Getachew Nigatu



Getachew Nigatu is an Economist with the Agricultural Policy and Modeling Branch, Market and Trade Economics Division. He Joined ERS in 2013. His current activities include supporting the international baseline projections and examining policy factors affecting near- and long-term prospects for domestic and global markets.


During his career, he has worked on a variety of research topics including the impacts of energy prices on global commodity supply, demand and trade; the new outlook for the U.S.-Mexico sugar and sweetener market; changing economic and agricultural trade pattern in Africa and the Middle East; global biofuel policy and U.S. export opportunities; the impact of global macroeconomic factors on U.S. agricultural exports; factor affecting the recent commodity prices decline and commodity price determination.


Ph.D. and M.A. in Economics from the University of California- Riverside, M.A. in Development Economics from the University of Antwerp, Belgium, and B.S. degree from Haramaya University, Ethiopia.

Professional Affiliations

Getachew is a member of the Agricultural and Applied Economics Association.

Selected Publications

Nigatu, G., and A. Dinar. 2016. Economic and Hydrological Impacts of the Grand Ethiopian Renaissance Dam on the Eastern Nile River Basin. Journal Environment and Development Economics 21(4):532-555.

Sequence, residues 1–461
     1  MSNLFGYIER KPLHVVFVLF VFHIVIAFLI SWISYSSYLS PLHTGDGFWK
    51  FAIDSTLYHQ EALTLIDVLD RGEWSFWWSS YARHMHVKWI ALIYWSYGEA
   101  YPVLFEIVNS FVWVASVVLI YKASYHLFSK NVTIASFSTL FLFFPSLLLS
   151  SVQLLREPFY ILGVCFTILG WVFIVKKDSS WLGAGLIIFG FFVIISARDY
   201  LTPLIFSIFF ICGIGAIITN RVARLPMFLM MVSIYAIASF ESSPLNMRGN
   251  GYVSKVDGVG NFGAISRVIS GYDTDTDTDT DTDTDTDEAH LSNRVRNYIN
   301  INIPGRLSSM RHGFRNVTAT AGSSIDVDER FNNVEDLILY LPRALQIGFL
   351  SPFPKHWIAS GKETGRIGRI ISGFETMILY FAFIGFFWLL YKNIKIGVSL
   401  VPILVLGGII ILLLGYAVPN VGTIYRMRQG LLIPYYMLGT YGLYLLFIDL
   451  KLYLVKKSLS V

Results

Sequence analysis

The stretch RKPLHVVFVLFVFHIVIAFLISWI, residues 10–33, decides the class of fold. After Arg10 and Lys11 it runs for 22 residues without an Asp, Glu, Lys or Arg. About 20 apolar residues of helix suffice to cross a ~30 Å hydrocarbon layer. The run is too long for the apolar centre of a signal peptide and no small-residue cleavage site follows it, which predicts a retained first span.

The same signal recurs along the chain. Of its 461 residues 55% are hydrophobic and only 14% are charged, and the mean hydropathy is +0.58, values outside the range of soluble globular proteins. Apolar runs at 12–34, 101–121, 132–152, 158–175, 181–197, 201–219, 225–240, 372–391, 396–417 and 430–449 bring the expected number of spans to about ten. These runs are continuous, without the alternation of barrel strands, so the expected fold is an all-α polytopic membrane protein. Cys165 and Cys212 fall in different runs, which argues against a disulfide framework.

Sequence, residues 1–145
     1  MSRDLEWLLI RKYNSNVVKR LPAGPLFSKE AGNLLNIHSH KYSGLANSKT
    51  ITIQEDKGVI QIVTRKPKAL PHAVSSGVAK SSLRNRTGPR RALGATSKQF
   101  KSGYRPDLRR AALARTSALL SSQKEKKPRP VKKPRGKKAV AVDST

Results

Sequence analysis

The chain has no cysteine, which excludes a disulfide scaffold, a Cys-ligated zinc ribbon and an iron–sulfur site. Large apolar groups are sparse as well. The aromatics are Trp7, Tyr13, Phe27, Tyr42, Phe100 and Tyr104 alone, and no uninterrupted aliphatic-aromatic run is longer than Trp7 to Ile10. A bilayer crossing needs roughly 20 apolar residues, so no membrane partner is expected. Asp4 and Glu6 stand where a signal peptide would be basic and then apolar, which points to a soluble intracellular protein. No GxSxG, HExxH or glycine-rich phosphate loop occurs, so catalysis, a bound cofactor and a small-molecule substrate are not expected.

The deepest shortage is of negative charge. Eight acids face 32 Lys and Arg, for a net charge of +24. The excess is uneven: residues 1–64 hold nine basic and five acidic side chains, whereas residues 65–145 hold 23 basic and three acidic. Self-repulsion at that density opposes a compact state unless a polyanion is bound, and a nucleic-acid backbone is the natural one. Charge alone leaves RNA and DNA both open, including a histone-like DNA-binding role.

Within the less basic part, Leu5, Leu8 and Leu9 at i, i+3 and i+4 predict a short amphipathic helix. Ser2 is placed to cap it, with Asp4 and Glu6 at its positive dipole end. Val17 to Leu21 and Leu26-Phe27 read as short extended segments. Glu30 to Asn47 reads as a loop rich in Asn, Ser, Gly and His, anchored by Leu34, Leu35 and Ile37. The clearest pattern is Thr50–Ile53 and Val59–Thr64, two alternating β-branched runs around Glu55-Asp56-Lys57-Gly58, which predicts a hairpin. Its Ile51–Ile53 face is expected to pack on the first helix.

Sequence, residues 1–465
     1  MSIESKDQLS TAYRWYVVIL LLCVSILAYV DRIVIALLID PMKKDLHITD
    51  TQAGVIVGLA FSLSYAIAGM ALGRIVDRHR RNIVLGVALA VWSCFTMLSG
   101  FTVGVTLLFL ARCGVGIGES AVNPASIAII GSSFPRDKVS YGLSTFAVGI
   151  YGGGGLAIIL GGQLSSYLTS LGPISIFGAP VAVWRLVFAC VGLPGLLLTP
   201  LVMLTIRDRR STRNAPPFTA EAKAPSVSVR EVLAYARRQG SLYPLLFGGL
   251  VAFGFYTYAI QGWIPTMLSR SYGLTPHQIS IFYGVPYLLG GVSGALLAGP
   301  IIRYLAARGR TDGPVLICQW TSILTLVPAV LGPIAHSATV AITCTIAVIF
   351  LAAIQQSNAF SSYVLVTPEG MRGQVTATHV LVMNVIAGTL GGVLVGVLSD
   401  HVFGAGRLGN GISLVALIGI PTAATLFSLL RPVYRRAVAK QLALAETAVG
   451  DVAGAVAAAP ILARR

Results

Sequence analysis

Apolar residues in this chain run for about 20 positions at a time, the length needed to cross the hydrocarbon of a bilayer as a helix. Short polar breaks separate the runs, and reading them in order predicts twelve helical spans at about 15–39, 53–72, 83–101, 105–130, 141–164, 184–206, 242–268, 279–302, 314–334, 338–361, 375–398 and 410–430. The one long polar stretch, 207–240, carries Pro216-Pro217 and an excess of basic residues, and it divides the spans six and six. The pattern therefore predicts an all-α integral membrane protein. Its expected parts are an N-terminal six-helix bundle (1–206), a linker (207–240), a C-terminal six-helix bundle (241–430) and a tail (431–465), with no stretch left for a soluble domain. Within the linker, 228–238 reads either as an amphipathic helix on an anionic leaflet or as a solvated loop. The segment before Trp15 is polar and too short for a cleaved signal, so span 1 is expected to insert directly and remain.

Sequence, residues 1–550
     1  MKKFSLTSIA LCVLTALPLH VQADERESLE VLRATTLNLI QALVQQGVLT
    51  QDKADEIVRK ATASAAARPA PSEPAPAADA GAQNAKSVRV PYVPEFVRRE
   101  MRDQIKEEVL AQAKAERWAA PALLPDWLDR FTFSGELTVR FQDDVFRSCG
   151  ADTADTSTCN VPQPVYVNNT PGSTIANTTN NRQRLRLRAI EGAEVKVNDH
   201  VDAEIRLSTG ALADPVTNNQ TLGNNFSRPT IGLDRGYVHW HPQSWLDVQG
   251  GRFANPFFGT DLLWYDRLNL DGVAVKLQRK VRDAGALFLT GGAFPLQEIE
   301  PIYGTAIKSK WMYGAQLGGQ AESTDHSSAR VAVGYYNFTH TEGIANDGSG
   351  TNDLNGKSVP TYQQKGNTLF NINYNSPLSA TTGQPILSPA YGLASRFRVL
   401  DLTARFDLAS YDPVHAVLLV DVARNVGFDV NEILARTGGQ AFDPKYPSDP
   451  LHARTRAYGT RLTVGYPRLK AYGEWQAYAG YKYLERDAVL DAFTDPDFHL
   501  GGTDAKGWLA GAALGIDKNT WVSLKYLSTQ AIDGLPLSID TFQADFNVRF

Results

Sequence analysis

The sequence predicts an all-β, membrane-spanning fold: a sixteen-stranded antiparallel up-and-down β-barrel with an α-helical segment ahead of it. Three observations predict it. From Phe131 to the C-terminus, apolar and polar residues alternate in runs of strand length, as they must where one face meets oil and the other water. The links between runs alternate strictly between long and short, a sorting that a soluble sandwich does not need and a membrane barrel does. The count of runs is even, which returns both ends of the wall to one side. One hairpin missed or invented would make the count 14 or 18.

Nigatu, G. 2015. Assessing the effects of climate change policy on the volatility of carbon price in reference to the great recession. Journal of Environmental Economics and Policy 4(3):1-16.

Nigatu, G. 2015. The level of pollution and the economic growth factor: a nonparametric approach to environmental Kuznets curve. Journal of Quantitative Economics 13(1): 147-159.

Zawahri, N., Dinar, A., and G. Nigatu. 2014. Governing international freshwater resources: an analysis of treaty design.  Journal of International Environmental Agreements: Politics, Law and Economic 14(3): 1-25.

Dinar, A., and G. Nigatu. 2013. Distributional considerations of international water resources under externality: The case of Ethiopia, Sudan and Egypt on the Blue Nile. Water Resources and Economics 2(3): 1-16.